I really didn’t like this article at Forbes. I agree with the main line of the article, but not with one of the reasons to support the main argument. The central thesis is that it’s not enough to know math and statistics. You need to have contextual knowledge, sou you make the right questions. Fair enough.
However, one evidence that the article brings is that most of stuff measured by humans are power-law distributed, a realm where Central Limit Theorem doesn’t apply. The funny thing is, he’s technically correct, but probably asked the wrong question (which is the whole point of the article). Take a look at a paper linked on this blog post, if you’re interested about when power-law distribution do occur. But if you want to skip the details, I’ll summarize for you, and it’s pretty simple.
Roughly speaking, the Central Limit Theorem says that, if you add up several (independent) measures, the mean of this measures is Normally distributed (the Bell curve). Now, if some phenomenon is the result not of the sum of several components, but say, the multiplication of several components, the Central Limit Theorem will fail. However, in cases like that, we always have the logarithm. Remember that log (x*y) = log x + log y. So, using log, you get additivity out of multiplication! And we get back to the Central Limit Theorem.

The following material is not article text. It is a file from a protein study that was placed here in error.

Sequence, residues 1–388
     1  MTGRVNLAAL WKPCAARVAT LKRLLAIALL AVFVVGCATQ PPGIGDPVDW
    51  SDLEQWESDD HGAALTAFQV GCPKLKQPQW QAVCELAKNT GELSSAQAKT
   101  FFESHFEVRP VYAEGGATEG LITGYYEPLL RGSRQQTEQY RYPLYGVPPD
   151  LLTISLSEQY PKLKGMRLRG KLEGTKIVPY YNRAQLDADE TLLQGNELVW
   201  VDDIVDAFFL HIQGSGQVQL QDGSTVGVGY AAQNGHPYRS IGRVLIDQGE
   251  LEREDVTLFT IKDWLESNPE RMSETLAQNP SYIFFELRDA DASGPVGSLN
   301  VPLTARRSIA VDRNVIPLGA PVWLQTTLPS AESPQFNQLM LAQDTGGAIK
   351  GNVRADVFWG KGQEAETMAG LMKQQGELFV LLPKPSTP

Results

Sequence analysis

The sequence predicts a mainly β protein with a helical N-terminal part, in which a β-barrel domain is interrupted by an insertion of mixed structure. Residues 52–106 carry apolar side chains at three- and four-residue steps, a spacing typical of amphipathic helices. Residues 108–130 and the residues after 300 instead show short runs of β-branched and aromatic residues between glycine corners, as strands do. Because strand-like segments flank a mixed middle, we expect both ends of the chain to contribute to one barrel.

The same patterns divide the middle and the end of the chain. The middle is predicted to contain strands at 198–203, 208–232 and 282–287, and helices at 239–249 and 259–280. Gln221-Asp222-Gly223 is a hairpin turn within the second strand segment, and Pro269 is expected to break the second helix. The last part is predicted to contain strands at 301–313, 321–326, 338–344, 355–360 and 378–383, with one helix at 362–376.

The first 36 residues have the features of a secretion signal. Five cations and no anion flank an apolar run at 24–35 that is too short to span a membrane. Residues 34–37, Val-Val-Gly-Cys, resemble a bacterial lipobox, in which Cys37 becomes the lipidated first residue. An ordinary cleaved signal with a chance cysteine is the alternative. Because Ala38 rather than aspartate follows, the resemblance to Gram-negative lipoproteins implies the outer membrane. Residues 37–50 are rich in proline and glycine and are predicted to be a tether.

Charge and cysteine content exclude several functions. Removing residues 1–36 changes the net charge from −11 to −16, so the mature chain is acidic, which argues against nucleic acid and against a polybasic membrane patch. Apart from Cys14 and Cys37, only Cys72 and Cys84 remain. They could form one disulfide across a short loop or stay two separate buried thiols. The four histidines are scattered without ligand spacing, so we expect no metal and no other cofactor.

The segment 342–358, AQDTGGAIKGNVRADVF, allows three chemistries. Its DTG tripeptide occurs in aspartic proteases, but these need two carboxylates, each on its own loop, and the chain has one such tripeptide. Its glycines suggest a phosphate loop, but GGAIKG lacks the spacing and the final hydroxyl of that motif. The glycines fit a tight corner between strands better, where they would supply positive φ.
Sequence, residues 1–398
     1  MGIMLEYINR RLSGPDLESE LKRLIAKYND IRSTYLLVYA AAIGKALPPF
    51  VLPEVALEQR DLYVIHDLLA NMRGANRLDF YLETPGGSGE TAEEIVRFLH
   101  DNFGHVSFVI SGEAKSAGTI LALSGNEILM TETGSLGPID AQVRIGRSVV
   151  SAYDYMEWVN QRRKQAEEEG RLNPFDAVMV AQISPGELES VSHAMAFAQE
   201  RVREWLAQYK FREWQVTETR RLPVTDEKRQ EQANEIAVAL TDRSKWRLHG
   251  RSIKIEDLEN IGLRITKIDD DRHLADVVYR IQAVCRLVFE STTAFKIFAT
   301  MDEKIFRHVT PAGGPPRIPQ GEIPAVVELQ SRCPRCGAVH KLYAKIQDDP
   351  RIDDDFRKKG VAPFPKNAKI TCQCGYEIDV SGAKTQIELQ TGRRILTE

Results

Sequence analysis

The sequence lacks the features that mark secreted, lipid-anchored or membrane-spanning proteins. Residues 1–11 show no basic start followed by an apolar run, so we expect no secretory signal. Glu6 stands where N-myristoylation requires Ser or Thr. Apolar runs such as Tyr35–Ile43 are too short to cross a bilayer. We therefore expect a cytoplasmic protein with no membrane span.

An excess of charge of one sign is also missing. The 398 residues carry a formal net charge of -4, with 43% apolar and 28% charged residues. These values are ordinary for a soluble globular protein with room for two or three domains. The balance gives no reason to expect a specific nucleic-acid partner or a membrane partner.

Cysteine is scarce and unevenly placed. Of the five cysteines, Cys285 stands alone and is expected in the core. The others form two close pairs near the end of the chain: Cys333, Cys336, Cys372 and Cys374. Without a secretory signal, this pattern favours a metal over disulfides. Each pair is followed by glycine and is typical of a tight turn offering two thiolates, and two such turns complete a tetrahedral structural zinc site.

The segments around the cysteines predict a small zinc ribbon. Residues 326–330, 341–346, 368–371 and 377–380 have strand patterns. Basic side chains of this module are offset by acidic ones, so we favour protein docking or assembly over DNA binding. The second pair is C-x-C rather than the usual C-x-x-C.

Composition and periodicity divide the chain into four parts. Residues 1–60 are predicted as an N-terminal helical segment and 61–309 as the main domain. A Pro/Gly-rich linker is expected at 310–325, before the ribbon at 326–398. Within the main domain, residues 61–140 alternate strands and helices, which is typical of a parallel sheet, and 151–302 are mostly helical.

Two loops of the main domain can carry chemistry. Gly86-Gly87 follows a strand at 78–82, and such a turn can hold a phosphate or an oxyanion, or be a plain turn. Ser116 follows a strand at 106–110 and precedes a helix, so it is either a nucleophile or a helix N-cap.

And that’s the reason why some distributions, which seem to be a power-law distribution, are in fact log-normally distributed (yep, the log here is due to the logarithm, and the normal here is due to the central limit theorem).
So, the take-home point is: ask the right question, but sometimes, to ask the right question, you first need to know the technical details (aka, in this case, math and statistics).